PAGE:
"BY typical, modern standards I’m completely mad."

So says Mark Stay, who runs a small, organic farm in the village of North Aston near Bicester.

His farm specialises in certified organic, locally-sourced vegetables boxes, delivered to over 290 households.

“We deliver down to Oxford, up to Banbury, and across from Bicester to not so far west from here”.

Mr Stay started his business in 1998.

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“I knew I wanted to grow organic vegetables, but as the agricultural land prices were already rising sharply back then, we were looking for a place in Wales, Ireland... even Canada. Finally, we decided to stay here, in England, where our families and friends are.

“Then I met Jeremy Taylor, who owns land in North Aston.

"We found common ground, as he wanted to diversify the usage of his land, and thought that industrial agriculture was a problem as fewer people were working on the land. It was a happy meeting and we’ve rented land from him.”

North Aston Organics covers about seven acres.

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“We have two organic certificates – one as a producer of food and the other covers what we buy from other organic producers and redistribute, so we are sure that all vegetables, fruit and eggs we sell are organic and have the lowest possible carbon footprint."

Remaining organic requires the farm to undergo a number of requirements.

“We do most of our work by hand; use of machinery is as limited as possible. We do not spray our crops, except for liquid seaweed, which is permitted for nourishment.

“Once a year we have a visit from the official, who examines the farm and goes through our documentation. He might say ‘I see you’re growing this variety of cabbage, so please show me the invoice proving that seeds were organic’. We can also be surprised by an unannounced visitation.”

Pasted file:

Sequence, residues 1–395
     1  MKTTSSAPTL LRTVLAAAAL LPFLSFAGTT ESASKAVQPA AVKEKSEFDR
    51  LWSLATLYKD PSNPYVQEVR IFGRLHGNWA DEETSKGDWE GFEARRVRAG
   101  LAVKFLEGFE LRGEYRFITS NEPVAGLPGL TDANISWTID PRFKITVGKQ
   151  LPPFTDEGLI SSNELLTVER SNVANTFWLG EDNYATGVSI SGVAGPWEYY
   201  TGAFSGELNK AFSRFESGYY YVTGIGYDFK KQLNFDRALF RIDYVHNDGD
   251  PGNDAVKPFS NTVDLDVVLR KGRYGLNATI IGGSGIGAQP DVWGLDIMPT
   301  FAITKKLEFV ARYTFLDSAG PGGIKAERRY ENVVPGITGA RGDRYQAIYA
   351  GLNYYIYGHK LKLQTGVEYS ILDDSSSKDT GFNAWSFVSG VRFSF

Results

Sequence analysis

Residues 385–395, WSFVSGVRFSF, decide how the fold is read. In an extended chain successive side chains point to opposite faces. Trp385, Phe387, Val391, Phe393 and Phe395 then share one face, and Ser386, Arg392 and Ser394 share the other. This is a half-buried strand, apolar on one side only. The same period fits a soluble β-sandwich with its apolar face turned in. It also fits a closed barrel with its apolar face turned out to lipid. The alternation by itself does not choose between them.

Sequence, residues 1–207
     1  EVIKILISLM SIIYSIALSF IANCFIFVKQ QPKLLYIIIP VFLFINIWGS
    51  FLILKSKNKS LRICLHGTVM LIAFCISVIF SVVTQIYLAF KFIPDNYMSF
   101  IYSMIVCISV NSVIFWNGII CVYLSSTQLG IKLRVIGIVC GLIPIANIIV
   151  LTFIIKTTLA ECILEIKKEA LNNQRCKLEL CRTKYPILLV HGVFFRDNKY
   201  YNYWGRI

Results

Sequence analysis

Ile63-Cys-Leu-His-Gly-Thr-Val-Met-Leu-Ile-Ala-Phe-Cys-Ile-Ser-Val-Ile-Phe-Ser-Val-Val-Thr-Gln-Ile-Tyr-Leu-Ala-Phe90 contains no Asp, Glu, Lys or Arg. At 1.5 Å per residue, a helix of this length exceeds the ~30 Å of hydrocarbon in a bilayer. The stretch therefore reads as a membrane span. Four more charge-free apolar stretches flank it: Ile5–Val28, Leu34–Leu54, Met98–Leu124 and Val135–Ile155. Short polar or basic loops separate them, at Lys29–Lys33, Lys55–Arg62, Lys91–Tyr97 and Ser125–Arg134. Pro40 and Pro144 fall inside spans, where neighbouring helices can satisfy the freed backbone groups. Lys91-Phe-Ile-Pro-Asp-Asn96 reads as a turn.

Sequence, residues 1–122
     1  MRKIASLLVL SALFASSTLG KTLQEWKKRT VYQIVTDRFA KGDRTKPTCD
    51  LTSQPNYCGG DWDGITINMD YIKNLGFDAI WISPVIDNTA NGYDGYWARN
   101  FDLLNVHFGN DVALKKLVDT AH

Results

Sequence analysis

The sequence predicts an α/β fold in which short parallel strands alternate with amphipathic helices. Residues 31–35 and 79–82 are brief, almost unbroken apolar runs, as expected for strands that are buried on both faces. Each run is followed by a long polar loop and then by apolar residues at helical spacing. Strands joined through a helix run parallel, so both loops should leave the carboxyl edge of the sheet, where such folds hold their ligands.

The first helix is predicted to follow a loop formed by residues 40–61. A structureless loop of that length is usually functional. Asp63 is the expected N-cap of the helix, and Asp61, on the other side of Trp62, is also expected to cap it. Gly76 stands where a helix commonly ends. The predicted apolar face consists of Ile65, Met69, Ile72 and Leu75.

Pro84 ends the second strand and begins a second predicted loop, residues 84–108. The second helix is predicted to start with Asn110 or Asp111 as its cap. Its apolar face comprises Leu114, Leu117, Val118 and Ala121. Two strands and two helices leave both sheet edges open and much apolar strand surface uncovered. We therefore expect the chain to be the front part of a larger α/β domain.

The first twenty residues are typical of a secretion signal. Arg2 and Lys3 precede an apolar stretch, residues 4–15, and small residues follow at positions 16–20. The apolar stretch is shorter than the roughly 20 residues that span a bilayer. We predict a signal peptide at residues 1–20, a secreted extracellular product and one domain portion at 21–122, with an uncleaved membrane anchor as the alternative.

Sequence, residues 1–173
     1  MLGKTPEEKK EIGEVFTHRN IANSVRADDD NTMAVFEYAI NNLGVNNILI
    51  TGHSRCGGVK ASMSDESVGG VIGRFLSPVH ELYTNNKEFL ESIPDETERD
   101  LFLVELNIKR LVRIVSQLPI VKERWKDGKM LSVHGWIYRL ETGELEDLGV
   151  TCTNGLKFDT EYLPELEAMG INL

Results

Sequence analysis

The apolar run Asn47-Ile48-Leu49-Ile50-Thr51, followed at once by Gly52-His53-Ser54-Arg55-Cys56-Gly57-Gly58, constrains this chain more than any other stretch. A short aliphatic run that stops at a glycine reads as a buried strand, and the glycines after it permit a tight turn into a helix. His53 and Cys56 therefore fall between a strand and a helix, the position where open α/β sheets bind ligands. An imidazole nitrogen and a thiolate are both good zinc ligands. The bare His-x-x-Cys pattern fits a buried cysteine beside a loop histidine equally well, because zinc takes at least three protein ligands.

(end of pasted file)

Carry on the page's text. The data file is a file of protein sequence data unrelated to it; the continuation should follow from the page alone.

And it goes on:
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As a reseller, the company has not only a strict organic policy, but also makes sure that imported vegetables and fruit are not being transported by planes.

Vegetables are delivered in cardboard boxes, which are returned by customers and reused by the company 'as long as possible'.

The same applies to fruit bags and egg boxes.

“Most vegetables are put loose into the box; mushrooms and tomatoes are delivered in paper bags.

"We still have to use plastic bags due to food safety requirements and lack of reasonable substitution allowing us to preserve moist of salad leaves and spinach.

"Plastic is a big issue for our customers and we’re looking forward to the moment when we’ll be completely plastic-free as much as they do.”

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In villages surrounding North Aston, the company delivers to clients’ doorstep, while in larger towns clients pick their boxes from collection points – except for Oxford, where company cooperates with a cycling couriers’ company, using cargo bikes to deliver boxes to clients’ doorstep with no emission at all.

“There is a lot of interest in what we’re doing, clearly as. When we started, veg box schemes were becoming popular and we caught that wave.

"Now, as sustainability is becoming more and more important, we need to decide how much more we can do. Our van, which delivers boxes to Oxford, is nearly completely full every week, and buying a larger van and employing a new driver is a major change in a company of this size. But sooner or later we will have to do it."